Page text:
(Closed) Engagement rings – how important is a grading report?

posted 8 years ago in Waiting
Post # 3
238 posts
Helper bee
  • Wedding: June 2018

I think that, if you are concerned with selling later or getting an evaulation of the diamond for the price you are paying, then a GIA report is key.  That said, if you happen to love a ring and the price and the other stuff isn’t important to you, it really doesn’t matter. 

Post # 4
532 posts
Busy bee
  • Wedding: July 2010

For me, having a truly quality diamond was the most important thing when it came to my e-ring. I didn’t want a fancy band, just a beautiful diamond that will hopefully be in our family for years to come. The diamond the my Fiance picked out came from a very reputable jeweler. It came with a GIA report, a proof of sale, and an appraisal (which you will likely need to insure it). By going with the quality diamond over a fancy setting, it makes more sense for us to upgrade to a really nice setting at a later date. Hopefully for our 10 year anniversary, we can put my beauty of a diamond in an awesome setting; although, I rather like the simple band I have now.

Here she is with my wedding band:

It’s an ideal cut, nearly colorless diamond, with nearly no internal flaws. I love it!

Post # 5
561 posts
Busy bee
  • Wedding: August 2012

I agree with everyone else – if you think you want to upgrade later a GIA certified will be much easier to sell (and you’ll probably get more!).


Post # 6
1729 posts
Bumble bee
  • Wedding: July 2012

To answer your question, (how important is a grading report?) VERY! A diamond is a *huge* purchase, and you need to know exactly what you’re getting! A GemEx report, however, is often available in addition to a diamond’s certification, from what I understand. They analyze light performance and brilliance, etc. You can find out more about it by researching at pricescope.com. Are you sure there wasn’t an additional grading report other than the GemEx?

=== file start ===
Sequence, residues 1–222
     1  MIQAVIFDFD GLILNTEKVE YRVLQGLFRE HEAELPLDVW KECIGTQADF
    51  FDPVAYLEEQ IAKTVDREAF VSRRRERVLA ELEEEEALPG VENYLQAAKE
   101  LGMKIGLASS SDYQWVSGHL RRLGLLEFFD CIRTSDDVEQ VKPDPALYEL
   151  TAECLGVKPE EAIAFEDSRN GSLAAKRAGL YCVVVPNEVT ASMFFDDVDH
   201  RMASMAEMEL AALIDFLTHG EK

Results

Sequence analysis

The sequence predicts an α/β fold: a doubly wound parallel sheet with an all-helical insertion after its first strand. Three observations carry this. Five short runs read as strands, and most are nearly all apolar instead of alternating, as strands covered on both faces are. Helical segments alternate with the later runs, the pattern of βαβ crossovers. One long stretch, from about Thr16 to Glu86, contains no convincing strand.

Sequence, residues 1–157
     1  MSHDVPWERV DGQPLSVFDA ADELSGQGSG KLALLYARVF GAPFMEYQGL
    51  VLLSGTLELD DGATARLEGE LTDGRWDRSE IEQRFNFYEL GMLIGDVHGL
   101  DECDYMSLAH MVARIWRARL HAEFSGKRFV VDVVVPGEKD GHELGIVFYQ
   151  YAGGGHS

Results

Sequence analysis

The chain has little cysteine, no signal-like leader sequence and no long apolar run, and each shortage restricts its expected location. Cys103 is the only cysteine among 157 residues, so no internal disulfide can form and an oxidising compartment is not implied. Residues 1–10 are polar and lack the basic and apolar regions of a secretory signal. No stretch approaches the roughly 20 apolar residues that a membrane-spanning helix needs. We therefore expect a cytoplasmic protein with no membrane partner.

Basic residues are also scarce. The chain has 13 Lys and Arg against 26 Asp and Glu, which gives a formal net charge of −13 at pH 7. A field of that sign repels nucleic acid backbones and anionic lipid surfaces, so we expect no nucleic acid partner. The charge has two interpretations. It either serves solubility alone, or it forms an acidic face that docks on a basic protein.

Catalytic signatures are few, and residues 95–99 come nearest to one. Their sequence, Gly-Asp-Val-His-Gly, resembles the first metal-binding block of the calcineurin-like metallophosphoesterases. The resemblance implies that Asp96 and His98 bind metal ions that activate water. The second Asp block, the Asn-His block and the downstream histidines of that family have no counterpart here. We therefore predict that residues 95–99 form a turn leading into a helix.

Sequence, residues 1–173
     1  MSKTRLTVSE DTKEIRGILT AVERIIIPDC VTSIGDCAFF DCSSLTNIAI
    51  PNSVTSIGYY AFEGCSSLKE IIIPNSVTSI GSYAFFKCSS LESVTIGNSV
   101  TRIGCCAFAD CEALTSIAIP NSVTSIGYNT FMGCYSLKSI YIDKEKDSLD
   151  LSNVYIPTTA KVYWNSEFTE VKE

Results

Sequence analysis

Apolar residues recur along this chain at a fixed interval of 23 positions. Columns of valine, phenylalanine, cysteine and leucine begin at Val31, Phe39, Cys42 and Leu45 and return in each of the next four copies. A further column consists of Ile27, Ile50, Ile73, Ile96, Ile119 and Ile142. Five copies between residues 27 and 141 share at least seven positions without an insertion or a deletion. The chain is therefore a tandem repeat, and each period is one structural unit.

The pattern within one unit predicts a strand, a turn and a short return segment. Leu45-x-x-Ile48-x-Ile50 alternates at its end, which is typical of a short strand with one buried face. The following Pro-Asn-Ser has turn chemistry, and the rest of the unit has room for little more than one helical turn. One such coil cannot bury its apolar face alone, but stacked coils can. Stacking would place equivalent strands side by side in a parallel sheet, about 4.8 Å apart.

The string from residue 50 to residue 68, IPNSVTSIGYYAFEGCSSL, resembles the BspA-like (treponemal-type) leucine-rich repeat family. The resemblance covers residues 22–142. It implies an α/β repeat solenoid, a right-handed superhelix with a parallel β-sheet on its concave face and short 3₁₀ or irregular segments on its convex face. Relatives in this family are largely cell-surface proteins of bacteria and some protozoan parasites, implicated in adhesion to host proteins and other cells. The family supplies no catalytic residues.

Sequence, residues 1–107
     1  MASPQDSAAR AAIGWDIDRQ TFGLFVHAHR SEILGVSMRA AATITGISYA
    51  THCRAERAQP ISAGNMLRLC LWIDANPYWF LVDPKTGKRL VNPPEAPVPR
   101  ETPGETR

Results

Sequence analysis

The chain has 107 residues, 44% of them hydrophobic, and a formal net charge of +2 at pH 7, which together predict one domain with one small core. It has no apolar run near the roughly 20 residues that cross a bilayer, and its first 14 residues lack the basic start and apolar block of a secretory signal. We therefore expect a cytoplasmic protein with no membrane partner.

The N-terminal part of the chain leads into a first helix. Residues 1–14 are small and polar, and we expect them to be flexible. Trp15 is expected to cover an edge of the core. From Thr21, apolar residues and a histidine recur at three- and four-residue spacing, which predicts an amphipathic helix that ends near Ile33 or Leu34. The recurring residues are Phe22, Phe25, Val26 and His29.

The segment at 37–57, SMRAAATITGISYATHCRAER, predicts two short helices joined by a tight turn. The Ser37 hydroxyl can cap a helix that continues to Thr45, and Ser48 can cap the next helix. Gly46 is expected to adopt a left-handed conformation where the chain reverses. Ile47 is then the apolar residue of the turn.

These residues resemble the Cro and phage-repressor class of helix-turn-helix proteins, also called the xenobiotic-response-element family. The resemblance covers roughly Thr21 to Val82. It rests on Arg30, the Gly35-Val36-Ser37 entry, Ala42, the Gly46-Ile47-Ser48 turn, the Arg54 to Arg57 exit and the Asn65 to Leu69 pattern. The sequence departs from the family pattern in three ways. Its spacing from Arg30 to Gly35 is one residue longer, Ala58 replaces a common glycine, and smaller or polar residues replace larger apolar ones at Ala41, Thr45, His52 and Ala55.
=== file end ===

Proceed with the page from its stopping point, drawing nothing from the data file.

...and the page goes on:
If you think you might upgrade in the future, buy your diamond from a store with a good upgrade policy. Planning on trying to just sell a diamond on your own is not the best idea. You won’t get anything remotely close to what you paid. Again, you should do yourself a favor and learn all about how this all works at pricescope. Especially do some digging in the forums, and if you’re feeling bold, post the stone/ring you’re considering and ask for opinions on whether or not it’s a good deal. You will definitely get them! Best of luck!

Post # 7
1051 posts
Bumble bee
  • Wedding: April 2010

You can always just pay for a GIA (or AGS, EGL etc) cert yourself.  We’re in NYC so when Fiance found a diamond he loved but was uncerted – he just walked it over to GIA himself and paid the ~$100.  You’re in NYC, so that’s a total possibility for you.  They’re right on 5th & 47th.  You may need to make an appt first, but your jeweler can help you.  

Post # 8
806 posts
Busy bee
  • Wedding: August 2010

@littlemissmango: I want to second everything you wrote about buying from a seller who has an upgrade policy, if you are 90% sure that’s what you’re going to do in the semi near future.  Otherwise you’d get a fraction of what you originally paid if you just re-sold it on the open market.  And also second the pricescope recommendation!


@alex – you’re right, I’ve never heard of that certification.  If it’s not one of the ‘big name’ certifiers, the grading’s probably not as reliable or stringent vs. if it was GIA or another big one.  So if the certificate says clarity SI1, you might be getting more of an SI2.  That type of thing. 

I strongly recommend buying your diamond & setting as two separate items, vs. buying a “whole ring” that’s pre-set.  That way, you get the exact quality you want, plus the setting you want.  Check out some of the online sellers (blue nile, whiteflash, james allen, etc) – you can “build your own ring” and the prices are very competitive for legit certified diamonds.

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